"I'm from New York. I'm tough. I'm not going to get frostbite," Addison says. "At least not on my hands."

Derek bows his head and does this shuffle thing with his feet. She once found that terribly charming and cute, but now she simply wishes he'd shuffle back to the trailer so she can find some coffee. It's Christmas morning and she doesn't want to spend the day with someone who doesn't want to spend it with her.

"I found a tree," Derek says suddenly.

Addison blinks. "What?"

"A tree. I found one."

"I thought you said there wasn't enough room in the trailer for a tree."

"Who said we'd have a tree in the trailer?" he points to the edge of the clearing. "That tree right there. What do you think?"

She follows his gaze. The tree in question is about five feet tall, hale and hearty, and nearly symmetrical all around. Slowly, she nods.

"I like it," she says.

"I know it's late, but I was planning on decorating it this morning."

"When did you decide this?"

"A couple days ago. I meant to say something because I was hoping you'd help me." Derek's not looking at her, which means he's lying and Derek's always been a terrible liar. He shoves his hands in his pocket.

"Decorate the tree?"

"Yes. As you said, we love Christmas." He tips his head back towards the trailer. "If you promise not to yell anymore today, I will make you breakfast, including fresh coffee and excluding the trout, and then we'll decorate the tree."

"Do you -- we -- even have decorations?" Addison asks. She thinks about all the boxes of lights and tinsel in storage back in New York City.

He shrugs. "We can make our own. Popcorn strings, things like that."

Addison wonders if he's confused her with Martha Stewart, but then reminds herself that he really doesn't know her at all anymore. But she nods slowly. He's making an effort. "Okay," she says. "I promise. No more yelling."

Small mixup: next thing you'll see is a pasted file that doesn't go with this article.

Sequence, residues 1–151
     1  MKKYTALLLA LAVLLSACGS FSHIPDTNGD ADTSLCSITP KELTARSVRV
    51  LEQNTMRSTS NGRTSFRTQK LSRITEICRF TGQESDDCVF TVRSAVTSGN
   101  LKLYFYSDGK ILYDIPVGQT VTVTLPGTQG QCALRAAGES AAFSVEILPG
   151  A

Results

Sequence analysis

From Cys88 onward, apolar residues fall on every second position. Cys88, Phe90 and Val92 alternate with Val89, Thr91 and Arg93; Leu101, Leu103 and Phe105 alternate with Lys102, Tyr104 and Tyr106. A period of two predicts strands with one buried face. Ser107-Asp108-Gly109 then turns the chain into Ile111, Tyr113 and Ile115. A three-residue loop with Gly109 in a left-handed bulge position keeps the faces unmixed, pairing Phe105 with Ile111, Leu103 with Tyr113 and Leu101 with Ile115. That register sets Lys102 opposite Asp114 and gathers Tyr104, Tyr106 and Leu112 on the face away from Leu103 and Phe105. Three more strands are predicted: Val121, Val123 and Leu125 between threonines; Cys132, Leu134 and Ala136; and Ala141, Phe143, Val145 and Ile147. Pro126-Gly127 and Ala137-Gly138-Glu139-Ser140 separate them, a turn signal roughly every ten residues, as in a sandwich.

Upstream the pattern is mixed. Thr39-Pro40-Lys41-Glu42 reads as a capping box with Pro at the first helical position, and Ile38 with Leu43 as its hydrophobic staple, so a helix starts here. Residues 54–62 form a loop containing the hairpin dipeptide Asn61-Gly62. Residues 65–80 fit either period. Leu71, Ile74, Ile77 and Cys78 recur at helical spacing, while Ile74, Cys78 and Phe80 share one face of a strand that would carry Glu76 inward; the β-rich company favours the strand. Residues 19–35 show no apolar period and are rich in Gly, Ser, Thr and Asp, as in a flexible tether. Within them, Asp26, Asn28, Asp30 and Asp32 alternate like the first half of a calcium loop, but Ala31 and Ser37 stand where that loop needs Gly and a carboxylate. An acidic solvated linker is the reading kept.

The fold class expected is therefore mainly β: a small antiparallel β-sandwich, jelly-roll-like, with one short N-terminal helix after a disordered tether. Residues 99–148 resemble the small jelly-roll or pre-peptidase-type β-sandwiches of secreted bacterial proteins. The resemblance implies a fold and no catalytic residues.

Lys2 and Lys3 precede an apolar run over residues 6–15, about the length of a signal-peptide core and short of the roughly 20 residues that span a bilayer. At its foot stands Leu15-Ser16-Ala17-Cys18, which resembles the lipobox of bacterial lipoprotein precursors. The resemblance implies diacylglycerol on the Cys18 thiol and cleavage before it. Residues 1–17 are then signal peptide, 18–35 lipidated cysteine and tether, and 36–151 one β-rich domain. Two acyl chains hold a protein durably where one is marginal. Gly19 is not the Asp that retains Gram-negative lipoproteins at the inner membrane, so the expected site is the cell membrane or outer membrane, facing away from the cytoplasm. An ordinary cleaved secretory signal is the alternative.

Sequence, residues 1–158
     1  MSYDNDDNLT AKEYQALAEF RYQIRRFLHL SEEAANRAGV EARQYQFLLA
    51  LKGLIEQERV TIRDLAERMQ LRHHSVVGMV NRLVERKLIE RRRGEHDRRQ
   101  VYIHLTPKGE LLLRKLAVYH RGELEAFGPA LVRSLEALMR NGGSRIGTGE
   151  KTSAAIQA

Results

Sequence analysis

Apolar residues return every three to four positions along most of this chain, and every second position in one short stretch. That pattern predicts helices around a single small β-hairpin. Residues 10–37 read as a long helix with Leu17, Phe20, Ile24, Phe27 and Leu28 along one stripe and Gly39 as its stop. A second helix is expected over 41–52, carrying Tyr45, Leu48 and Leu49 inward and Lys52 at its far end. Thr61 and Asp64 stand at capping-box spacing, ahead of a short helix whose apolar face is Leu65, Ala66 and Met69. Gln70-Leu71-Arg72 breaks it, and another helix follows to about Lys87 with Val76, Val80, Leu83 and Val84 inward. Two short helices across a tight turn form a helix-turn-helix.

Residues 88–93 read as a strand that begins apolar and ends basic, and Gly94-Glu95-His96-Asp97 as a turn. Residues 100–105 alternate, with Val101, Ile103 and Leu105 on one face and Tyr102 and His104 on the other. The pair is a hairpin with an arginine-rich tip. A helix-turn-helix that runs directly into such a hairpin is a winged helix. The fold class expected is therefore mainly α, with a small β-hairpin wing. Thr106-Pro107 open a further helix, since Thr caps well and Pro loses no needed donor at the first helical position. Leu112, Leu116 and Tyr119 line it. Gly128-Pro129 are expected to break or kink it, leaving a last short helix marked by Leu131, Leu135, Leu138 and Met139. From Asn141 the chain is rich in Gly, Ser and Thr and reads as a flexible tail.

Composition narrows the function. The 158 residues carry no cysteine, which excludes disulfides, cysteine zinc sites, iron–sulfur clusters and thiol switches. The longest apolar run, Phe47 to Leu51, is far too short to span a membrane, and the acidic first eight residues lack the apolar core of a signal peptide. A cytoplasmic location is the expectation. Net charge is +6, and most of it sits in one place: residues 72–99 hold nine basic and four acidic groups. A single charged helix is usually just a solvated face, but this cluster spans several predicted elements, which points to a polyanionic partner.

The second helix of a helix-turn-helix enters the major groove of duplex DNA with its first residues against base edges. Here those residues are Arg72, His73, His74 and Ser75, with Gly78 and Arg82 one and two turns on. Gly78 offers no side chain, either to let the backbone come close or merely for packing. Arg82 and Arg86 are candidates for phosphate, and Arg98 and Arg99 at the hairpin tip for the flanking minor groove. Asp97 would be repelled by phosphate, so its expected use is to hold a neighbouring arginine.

Derek smiles, and she realizes then just how much she misses the way he looks when he's happy. More importantly, she realizes he's smiling because of her. Impulsively, she leans over and kisses his cheek.

"Merry Christmas, Derek."

4. "So tell me."

Addison jerks awake and rolls on her back. Derek has propped himself up on one arm and is staring down at her. He looks intense and she hates when he looks intense. It usually means there's yelling in her future and even though she's pretty good at yelling back, at three in the morning sleep is really what she's after.

"Tell you what?" she says.

"You wanted to talk about Mark. So go for it."


"Why not?"

"Because it's the middle of the night, Derek," she says, exasperated. "What is it with you? When I want to talk, you don't want to, and when you do want to talk, it's always right before I'm walking into surgery or in the middle of the night."

"I'm trying to even the playing field," he says. "You're easier to talk to when you're distracted."

"Please," she says. She winces and blinks as he turns on the light. "What the hell did you do that for?"

"I hate being in the dark."

Addison groans and puts her hand over her eyes. "This can't wait until the morning?"

"I can't sleep." There's a note of desperation in Derek's voice that catches Addison's attention. She turns her head to look at him. "You wanted to talk, so let's talk."

And because it's three in the morning and she's feeling a little spiteful about being awakened, Addison says the first thing that comes to her mind. "I guess Meredith knows about your temper now."

“That's not fair." Derek flops on his back. "I've been less angry since coming to Seattle."

"I don't agree with that. You don't yell anymore, but I don't think you're less angry." Addison's wide-awake now. She reaches for her Blackberry, notes that she has no appointments before 10 am. "Your burners are set on low, Derek. I'm just waiting for you to boil over."

"I'm not going to boil over."

"You punched Mark in the face. If that's not boiling over, I don't know what is."

"I'm not going to apologize for that," Derek says.

"I didn't ask you to." Addison pauses for a moment. "But did you punch him because of me or because you saw him talking to Meredith?"